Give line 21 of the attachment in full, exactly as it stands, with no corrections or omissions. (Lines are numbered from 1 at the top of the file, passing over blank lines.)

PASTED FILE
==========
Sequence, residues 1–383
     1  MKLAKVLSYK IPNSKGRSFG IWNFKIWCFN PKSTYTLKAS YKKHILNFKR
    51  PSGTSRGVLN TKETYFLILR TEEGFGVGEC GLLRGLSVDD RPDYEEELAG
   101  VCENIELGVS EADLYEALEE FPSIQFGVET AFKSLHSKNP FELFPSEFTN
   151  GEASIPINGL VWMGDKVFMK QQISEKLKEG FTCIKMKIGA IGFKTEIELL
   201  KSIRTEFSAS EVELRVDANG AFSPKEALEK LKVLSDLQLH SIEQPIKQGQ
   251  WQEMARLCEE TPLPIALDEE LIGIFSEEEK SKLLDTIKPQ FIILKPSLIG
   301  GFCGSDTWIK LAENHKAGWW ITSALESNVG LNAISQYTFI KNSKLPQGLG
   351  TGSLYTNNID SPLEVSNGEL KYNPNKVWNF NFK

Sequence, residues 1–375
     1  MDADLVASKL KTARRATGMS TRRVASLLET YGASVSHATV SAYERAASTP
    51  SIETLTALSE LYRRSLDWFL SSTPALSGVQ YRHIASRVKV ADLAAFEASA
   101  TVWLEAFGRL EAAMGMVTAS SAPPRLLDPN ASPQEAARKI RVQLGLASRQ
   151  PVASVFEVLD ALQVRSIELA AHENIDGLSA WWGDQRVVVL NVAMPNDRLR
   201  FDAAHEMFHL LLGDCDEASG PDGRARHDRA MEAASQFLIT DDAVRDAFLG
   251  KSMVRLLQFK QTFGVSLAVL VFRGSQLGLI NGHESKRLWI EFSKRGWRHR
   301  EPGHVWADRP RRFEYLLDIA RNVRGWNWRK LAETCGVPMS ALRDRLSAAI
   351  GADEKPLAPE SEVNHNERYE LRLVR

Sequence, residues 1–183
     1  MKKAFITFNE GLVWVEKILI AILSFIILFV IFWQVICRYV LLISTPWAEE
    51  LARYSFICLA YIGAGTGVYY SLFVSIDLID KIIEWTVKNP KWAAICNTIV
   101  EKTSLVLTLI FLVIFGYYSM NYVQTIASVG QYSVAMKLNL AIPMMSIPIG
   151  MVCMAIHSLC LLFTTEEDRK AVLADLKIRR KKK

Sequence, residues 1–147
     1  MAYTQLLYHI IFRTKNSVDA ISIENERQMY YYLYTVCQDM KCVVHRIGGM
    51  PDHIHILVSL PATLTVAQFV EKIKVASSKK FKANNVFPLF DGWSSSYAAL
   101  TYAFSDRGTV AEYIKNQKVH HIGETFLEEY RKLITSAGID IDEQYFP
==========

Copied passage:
    51  LARYSFICLA YIGAGTGVYY SLFVSIDLID KIIEWTVKNP KWAAICNTIV